Patients with musculoskeletal disorders represent a considerable percentage of emergency department volume. Although patients with acute or high-severity conditions are encouraged to seek care in the emergency department, patients with nonacute, low-severity conditions may be better served elsewhere. This study prospectively assessed patients presenting to the emergency department with nonacute, low-severity musculoskeletal conditions to test the hypothesis that these patients have access to care outside the emergency department. One thousand ten adult patients with a musculoskeletal complaint were identified, and a detailed questionnaire was completed by 862 (85.3%) during their emergency department stay. Three hundred fifty (40.6%) patients presented with nonacute, low-severity conditions. Patients with nonacute, low-severity problems were less likely to have a primary care physician (62.5% versus 72.3%) or to have medical insurance (82.5% versus 87.7%), but a majority had both (59.3%). Only 14.3% had neither. Forty-four percent of all patients with primary care physicians believed their primary care physician was incapable of managing musculoskeletal problems. Appropriate use of the emergency department by patients with musculoskeletal disorders may require not only increased access to insurance and primary care, but also improved public understanding of the scope of care offered by primary care physicians and the conflicting demands placed on emergency department providers.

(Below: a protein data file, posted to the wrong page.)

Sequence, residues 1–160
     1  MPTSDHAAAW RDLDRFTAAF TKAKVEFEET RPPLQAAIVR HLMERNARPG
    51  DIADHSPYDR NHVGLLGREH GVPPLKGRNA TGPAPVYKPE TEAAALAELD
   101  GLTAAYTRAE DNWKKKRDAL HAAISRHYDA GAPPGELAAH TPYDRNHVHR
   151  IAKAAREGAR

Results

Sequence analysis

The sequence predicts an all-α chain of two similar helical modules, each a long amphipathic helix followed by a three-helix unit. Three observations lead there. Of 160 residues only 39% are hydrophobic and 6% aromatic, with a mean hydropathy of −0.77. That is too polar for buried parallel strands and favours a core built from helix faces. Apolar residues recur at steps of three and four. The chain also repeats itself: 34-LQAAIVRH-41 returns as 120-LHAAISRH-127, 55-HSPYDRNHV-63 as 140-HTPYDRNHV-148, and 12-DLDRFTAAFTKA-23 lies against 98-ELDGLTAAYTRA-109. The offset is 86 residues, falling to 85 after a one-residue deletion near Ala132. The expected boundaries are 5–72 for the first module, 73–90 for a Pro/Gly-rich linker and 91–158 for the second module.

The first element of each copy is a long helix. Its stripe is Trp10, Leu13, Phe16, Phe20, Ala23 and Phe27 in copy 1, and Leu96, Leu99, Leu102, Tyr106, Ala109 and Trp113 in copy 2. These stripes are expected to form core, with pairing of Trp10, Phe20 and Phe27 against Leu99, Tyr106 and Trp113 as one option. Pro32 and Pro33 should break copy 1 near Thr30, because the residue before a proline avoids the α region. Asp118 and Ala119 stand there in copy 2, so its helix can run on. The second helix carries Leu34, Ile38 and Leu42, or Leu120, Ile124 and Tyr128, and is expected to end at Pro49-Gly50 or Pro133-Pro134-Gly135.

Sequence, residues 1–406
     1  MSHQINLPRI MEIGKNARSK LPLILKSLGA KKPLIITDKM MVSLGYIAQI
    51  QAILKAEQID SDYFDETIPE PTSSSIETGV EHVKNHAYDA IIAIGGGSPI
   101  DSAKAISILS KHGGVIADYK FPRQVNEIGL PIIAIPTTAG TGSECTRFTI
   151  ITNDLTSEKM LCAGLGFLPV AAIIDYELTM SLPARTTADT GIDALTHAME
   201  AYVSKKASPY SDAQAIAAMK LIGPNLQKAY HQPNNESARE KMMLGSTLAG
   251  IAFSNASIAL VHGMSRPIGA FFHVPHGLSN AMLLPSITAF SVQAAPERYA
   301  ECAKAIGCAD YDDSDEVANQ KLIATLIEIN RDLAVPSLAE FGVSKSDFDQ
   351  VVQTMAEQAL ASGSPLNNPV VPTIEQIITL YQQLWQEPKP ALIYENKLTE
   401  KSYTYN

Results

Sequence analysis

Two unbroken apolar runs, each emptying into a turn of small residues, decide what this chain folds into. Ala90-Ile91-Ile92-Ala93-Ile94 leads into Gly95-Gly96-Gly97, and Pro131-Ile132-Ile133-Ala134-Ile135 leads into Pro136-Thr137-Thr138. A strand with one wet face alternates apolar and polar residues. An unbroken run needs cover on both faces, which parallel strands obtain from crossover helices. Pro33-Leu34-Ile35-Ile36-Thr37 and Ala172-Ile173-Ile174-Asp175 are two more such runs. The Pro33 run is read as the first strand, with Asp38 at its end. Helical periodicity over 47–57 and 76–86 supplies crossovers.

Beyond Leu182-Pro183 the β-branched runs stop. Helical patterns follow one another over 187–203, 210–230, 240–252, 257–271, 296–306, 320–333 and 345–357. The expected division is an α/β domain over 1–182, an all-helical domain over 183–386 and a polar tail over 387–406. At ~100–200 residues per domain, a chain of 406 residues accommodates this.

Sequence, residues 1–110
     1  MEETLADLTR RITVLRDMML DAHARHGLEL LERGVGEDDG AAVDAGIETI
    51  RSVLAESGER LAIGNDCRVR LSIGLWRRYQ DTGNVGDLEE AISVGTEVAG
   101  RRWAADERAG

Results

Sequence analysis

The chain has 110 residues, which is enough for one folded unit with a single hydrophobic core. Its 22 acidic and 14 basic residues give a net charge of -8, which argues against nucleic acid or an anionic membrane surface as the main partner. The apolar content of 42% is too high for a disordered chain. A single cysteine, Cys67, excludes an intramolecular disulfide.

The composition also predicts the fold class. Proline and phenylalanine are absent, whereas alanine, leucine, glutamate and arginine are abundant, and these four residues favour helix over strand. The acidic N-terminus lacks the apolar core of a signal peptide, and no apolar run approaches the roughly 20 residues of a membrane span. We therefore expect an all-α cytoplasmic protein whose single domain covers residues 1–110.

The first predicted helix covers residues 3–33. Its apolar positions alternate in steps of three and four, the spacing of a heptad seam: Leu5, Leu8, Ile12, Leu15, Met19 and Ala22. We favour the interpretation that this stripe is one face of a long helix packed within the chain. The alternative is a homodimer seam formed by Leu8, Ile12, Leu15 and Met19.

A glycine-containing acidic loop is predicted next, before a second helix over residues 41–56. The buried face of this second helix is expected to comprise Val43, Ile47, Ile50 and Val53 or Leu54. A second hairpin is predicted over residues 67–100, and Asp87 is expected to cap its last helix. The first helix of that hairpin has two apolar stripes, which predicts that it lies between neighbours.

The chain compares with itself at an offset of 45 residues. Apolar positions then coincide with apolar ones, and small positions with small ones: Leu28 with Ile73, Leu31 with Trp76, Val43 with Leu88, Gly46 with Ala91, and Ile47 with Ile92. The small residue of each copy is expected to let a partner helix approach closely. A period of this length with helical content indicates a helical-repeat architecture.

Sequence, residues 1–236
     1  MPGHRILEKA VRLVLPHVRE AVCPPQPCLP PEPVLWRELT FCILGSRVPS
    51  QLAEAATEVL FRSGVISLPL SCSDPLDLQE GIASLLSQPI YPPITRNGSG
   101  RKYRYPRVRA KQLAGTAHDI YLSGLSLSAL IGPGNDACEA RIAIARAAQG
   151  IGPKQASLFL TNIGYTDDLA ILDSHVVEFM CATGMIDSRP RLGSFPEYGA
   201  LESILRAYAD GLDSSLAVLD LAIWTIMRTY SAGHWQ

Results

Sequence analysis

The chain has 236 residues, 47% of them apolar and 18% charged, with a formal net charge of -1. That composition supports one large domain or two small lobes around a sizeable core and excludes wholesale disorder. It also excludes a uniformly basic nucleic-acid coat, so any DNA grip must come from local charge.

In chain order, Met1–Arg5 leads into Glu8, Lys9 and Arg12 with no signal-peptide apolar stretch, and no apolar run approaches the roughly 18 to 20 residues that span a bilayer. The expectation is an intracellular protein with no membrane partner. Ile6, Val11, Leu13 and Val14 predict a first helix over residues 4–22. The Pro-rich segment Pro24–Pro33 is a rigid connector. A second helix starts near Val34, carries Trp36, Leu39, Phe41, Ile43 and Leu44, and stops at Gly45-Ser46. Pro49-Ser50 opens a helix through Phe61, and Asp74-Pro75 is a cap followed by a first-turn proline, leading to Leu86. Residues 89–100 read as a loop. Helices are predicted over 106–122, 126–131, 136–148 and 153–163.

Level of evidence: Level I, prognostic study.